Retailers have their Black Friday and their Cyber Monday.
For music groups, it’s the first week in December: that’s when all the holiday-concert action starts, especially on the weekends. Expect the calendar to be chockablock with all kinds of opportunities for festive listening. Here are a few options that sound particularly promising, whether you are looking for a serenely sublime escape or a rousing, high-energy entertainment.
-- Seattle Symphony: The region’s largest concert presenter offers a cornucopia of holiday-related events in Benaroya Hall. Among the highlights: for kids 6-11, there’s the lovely animated classic, “The Snowman,” with the score performed by the orchestra under the baton of Stilian Kirov on Dec. 14 (I’ll bet parents will like this one, too). For fans of the pops, the Seattle Symphony Pops presents a “Home for the Holidays” program Dec. 5-8, led by Pops conductor Jeff Tyzik. Traditionalists will love Handel’s “Messiah,” with Gary Thor Wedow (a Seattle Opera regular) on the podium and an interesting lineup of soloists (Dec. 20-22).
And this year, they’re doing the Beethoven Ninth a little early, starting Dec. 26 (through Jan. 4, though not on New Year’s Eve). The excellent Carlos Kalmar conducts from the harpsichord, certainly a novel approach.
But there’s much more to the holiday concert season. Here are some of the most promising choral concerts:
-- Choral Arts: The winner of national awards for excellence, Choral Arts and their director, Dr. Robert Bode, traditionally perform a lovely and intimate holiday program that offers an uninterrupted hour of immersion into choral beauty. The “collage concert” features accompaniment by classical guitarist Bob McCaffery-Lent; dates are Dec, 14 (Trinity Episcopal Church) and Dec. 15 (St. Joseph Parish).
-- Northwest Boychoir: The popular annual "Lessons and Carols" concerts, based on the traditional English Christmas Eve observance at King's College in Cambridge, will feature the 90-member combined Boychoir and Vocalpoint! Seattle in presentations at eight area churches between Dec. 7 and 22. For the final Dec. 23 performance the young singers will be presented by the Seattle Symphony with the Northwest Sinfonia in Benaroya Hall.
-- Seattle Pro Musica: Karen Thomas’ highly regarded Seattle Pro Musica, also a national prizewinner, celebrates the Britten centenary with his famous “A Ceremony of Carols” and “A Boy Was Born” in two concerts, Dec. 7 in Town Hall and Dec. 14 in Bastyr University Chapel.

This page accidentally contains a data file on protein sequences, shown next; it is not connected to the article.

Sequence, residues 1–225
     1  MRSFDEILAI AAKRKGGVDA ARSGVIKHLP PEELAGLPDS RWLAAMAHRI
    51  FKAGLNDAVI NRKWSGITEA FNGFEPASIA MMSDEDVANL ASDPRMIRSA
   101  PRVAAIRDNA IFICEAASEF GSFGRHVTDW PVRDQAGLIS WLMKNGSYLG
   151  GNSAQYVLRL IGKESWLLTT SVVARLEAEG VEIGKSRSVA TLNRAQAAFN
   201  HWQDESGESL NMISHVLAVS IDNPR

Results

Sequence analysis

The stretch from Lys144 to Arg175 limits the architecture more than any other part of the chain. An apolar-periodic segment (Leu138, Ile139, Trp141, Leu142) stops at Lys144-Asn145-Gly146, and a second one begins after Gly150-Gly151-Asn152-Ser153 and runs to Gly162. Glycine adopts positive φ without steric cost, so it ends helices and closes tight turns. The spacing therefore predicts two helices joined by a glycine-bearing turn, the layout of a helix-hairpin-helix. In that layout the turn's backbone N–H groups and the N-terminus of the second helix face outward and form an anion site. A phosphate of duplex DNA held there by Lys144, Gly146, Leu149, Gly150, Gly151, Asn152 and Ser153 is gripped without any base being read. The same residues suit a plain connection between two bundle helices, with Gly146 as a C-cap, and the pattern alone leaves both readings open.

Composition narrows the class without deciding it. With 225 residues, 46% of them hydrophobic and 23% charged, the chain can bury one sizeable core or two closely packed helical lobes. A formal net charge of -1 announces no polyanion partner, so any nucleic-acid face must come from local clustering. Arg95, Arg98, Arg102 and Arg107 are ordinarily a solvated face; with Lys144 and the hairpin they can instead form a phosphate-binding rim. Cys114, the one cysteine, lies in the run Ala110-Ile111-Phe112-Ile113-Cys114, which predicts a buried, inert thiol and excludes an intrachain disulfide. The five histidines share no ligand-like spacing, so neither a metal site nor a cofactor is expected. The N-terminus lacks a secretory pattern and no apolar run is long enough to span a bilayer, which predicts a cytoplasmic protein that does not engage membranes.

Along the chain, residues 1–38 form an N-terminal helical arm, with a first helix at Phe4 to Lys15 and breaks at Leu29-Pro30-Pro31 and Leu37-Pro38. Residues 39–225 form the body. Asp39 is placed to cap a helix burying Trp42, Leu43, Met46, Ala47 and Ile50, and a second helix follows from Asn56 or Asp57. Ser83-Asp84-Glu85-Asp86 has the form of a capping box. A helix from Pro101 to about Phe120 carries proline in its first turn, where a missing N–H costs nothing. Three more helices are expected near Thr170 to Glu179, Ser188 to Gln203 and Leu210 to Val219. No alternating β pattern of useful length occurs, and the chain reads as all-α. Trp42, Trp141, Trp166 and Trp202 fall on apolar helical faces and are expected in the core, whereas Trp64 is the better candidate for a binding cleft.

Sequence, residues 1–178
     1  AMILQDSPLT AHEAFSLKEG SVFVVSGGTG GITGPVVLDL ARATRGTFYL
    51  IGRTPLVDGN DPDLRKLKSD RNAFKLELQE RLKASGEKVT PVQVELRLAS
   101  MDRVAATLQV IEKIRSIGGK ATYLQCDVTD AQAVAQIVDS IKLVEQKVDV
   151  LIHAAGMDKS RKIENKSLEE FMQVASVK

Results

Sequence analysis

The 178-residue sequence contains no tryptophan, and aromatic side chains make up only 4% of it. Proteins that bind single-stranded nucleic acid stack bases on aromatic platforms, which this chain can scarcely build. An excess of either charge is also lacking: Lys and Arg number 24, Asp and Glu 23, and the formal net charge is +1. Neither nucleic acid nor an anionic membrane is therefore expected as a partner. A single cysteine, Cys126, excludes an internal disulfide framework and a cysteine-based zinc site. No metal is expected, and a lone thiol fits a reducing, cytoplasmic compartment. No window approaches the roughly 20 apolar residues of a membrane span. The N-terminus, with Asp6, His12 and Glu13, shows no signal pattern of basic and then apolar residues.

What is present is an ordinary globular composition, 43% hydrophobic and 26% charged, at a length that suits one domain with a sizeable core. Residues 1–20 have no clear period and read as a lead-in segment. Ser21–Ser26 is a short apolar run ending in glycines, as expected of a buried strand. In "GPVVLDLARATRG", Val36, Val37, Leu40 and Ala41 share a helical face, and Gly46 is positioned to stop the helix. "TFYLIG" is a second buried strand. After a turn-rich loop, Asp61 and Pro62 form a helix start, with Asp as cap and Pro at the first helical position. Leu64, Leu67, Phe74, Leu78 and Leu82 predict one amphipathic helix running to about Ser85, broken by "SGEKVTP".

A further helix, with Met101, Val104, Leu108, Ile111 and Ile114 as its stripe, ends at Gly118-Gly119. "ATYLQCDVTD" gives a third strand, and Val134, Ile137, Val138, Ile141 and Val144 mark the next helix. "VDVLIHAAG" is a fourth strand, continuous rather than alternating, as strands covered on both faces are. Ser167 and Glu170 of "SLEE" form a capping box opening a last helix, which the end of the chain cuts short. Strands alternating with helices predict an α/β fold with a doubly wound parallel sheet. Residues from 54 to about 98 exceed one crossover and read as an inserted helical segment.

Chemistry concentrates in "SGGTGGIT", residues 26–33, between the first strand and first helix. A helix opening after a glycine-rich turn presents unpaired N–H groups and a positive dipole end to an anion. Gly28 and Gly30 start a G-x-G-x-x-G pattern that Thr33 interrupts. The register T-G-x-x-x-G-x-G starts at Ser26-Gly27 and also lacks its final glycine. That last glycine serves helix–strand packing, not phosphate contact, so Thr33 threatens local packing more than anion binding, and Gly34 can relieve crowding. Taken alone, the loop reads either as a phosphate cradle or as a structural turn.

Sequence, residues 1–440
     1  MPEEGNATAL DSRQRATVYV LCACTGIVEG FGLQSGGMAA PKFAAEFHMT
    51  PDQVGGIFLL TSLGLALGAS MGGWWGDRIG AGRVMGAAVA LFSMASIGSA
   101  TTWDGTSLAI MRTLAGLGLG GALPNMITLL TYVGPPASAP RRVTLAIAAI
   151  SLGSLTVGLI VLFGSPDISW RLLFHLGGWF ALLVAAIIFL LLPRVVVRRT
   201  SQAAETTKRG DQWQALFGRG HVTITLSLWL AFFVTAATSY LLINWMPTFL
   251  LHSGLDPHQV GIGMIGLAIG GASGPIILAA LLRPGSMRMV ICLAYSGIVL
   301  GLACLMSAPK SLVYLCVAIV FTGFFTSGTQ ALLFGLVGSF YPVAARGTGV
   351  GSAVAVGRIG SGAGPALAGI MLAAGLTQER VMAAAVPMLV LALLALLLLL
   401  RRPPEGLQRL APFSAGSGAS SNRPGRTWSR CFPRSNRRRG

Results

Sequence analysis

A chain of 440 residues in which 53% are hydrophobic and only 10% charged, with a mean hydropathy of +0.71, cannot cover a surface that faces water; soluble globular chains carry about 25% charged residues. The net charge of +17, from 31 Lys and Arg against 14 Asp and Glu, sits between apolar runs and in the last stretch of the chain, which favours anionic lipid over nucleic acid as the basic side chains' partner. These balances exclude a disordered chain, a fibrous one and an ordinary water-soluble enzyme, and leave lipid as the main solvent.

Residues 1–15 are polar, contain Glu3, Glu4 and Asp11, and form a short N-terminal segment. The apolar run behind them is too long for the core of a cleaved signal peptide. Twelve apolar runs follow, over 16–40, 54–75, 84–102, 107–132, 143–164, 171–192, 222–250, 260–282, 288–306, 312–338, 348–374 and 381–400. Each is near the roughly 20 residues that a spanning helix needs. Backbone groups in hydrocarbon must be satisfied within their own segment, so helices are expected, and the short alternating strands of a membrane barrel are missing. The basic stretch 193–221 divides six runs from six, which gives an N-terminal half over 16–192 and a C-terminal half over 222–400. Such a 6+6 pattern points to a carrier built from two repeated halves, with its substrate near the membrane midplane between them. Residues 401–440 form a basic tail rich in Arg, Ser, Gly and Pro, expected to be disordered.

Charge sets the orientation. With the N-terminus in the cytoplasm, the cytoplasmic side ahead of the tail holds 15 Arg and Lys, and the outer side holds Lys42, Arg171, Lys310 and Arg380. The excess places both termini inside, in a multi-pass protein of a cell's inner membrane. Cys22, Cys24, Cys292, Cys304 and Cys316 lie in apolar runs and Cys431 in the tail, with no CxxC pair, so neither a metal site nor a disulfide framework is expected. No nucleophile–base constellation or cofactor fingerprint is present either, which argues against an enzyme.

-- Seattle Men’s Chorus: The sublime and the ridiculous are always marvelously blended in the highly popular holiday concerts of the Seattle Men’s Chorus. This year, conductor Dennis Coleman leads his singers in seven (yes, seven) Benaroya Hall performances of “Play It Again, Santa,” which has traditional carols, witty production numbers, an audience sing-along, and (for the first two performances only) Tony Award-winning singer/actor Levi Kreis.
-- Northwest Chamber Chorus: Mark Kloepper and the Northwest Chamber Chorus are joined by oboist Ursula Sahagian in two concerts of traditional and new carols, plus songs about winter (including Morten Lauridsen’s “Mid-Winter Songs”) and a carol sing-along, back this year by popular demand. Concerts are Dec. 8 and 14, in Phinney Ridge Lutheran Church.
-- Candlelight Concerts: The third annual Candlelight Concerts will present three festive programs by candlelight: “The Pleasures of Pan” on Dec. 9, “Festive Baroque” on Dec. 22, and “Jazzin’ With the Classics for Christmas” on Dec. 28. Among the performers: pianist Mark Salman, flutist Jeffrey Cohan, violist Roxanna Patterson, violinist Ronald Patterson, and the Sans Souci Ensemble. All three concerts take place in University Christian Church.
-- The Seattle Jewish Chorale: Hanukkah comes early this year, so there’s only one chance left to hear the holiday program by the Seattle Jewish Chorale – Dec. 15 in the Seattle Jewish Community School (12351 8th Ave. NE in Seattle). The 30-voice Chorale, led by Mary Pat Graham, will offer songs of peace and also some jazzy, humorous numbers. The program’s title: “A Feast of Grace and Light.”